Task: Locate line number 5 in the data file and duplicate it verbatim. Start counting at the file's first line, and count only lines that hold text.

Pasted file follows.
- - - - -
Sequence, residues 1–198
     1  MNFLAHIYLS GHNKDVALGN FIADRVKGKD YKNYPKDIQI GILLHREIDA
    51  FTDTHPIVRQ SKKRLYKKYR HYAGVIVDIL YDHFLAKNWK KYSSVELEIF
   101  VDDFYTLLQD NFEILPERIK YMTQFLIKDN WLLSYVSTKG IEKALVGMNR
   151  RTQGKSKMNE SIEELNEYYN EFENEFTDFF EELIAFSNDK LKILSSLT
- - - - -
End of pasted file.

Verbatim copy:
   151  RTQGKSKMNE SIEELNEYYN EFENEFTDFF EELIAFSNDK LKILSSLT